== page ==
MVRDV is revealing their design for the Lankuaikei Agriculture Development (LAD) Headquarters in Shanghai, an 11-storey terraced office building that brings together both high- and low-tech sustainability strategies under a swooping technological roof to create a showcase for the agriculture technology company. Located near the lake at the centre of Lingang New Town, the building is conceived as an agricultural oasis in a rapidly developing urban area in Shanghai, and one of China’s greenest, smartest sustainable buildings.
Viewed from above, the building is rectangular in plan, yet it is given a striking curved shape by the series of terraces that step down to a courtyard and the main pedestrian entrance on the north side. The terraces are clad in wood and covered in greenery, and they include a publicly accessible route to the top of the building that provides spaces for LAD to showcase its work and research. A curving roof structure which follows the shape of the terraces covers the ensemble. On the southern part of the building, this structure supports solar panels, while on the north it is permeable, filtering sunlight but allowing rain to reach the terraces below. On the outer walls, the building’s façade is a pleated arrangement of solar panels and glass, angled to protect the interior from strong summer sunlight while allowing winter sunlight into the interiors. On the building’s southern edge, these walls also help protect the office workers from the noise of the main road outside.
The building is conceived as a “sustainability machine”, confronting a wide variety of challenges both indirectly and directly, with high-tech and low-tech solutions. Through material selection and life-cycle analysis, the embodied carbon of the design will be 40% lower than a typical comparable construction. The roof structure and terraces aid in efficient natural ventilation. This ventilation and the shading strategies reduce energy requirements. Thanks to the solar panels incorporated into the design, the building will therefore be almost energy-neutral in operation.
The terraces collect rainwater for use in functions such as toilets, as well as providing biodiversity and healthy working environments thanks to the greenery that extends all the way to the top floors. The design even indirectly contributes to public education and agricultural production, thanks to its role in facilitating the mission of LAD and the exhibition spaces that help manifest their vision.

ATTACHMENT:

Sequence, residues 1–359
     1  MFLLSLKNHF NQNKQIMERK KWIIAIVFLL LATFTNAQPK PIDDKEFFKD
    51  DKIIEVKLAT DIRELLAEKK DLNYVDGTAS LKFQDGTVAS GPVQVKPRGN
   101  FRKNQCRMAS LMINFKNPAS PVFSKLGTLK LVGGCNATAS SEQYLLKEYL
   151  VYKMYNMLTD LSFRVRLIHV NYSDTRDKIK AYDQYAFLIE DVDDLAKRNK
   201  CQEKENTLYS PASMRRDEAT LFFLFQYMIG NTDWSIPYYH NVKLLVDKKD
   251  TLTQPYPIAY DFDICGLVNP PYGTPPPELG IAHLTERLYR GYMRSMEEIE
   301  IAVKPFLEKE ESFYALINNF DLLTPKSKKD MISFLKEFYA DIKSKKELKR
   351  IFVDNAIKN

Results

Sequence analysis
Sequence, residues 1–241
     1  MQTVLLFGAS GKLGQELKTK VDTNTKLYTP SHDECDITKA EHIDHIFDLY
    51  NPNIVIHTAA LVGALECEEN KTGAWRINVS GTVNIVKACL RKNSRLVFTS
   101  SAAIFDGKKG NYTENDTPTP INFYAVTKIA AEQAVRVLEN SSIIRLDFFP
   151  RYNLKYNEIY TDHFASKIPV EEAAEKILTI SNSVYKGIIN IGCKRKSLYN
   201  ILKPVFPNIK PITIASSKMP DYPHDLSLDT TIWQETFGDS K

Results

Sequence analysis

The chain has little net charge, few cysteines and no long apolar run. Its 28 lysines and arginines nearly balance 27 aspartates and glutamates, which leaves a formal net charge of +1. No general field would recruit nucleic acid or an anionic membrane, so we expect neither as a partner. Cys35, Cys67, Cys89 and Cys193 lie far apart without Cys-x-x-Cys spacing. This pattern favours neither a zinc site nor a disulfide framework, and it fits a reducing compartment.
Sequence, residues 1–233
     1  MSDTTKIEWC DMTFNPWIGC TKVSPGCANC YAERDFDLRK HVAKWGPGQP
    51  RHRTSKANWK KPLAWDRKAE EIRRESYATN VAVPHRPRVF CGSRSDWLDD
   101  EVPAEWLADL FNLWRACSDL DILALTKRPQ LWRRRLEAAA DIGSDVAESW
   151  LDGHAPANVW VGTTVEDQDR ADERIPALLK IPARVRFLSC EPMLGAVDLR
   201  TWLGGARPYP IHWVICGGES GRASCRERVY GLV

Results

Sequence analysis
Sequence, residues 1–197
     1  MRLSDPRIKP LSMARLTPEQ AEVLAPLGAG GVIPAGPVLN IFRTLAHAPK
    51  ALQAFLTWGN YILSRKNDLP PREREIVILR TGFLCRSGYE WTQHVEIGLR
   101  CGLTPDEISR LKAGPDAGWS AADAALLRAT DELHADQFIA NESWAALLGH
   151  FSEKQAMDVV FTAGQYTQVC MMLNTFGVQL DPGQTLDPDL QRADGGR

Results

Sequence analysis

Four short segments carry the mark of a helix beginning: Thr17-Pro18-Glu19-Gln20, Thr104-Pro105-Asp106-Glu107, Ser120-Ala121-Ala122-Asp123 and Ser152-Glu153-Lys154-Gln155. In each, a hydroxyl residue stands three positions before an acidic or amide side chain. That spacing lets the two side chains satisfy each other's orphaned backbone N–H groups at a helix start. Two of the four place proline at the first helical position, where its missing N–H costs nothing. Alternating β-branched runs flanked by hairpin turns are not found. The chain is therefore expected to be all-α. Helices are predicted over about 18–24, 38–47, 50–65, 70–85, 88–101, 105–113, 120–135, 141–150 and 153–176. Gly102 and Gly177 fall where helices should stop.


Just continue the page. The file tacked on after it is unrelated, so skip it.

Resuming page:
MVRDV founding partner Jacob van Rijs said:
“Working with LAD has been an exciting experience; this HQ building shows architecture in perfect alignment with a company’s mission. Incorporating sustainability into every surface of a building is an interesting challenge for an architect, and it’s one that as a design team we embraced whole-heartedly. This approach is not just good for the planet, it will also be appreciated by the users of the offices, who will be able to enjoy the pleasant working environment offered by the terraces.”
President of LAD Mr. Weihua Dong added:
“MVRDV’s mission is to make cities and landscapes sustainable and future-proof. LAD’s mission and vision are to empower rural revitalization and food safety in China with LAD knowledge, to explore the mysteries of nature, to protect human health with science and technology. In this cooperation project, we are looking forward to seeing an ‘agricultural oasis’ combining the missions of both companies.”
Inside, the building contains the 6,000m2 offices of the LAD headquarters on its upper levels, where there are views to both the lake in the north and the park in the south, and 9,000m² of labs and co-working offices below. On the first and second floor, the building incorporates an adjustable auditorium and exhibition space, while the ground floor has small retail outlets around its perimeter, and includes three entrances – a public entrance at the courtyard, and separate entrances for the rentable offices and LAD HQ – connected by an “exhibition street”. In its two basement levels, the building has a canteen and parking, but the “agricultural oasis” concept even extends below ground thanks to a number of voids which allow light, fresh air, and greenery to make their presence felt.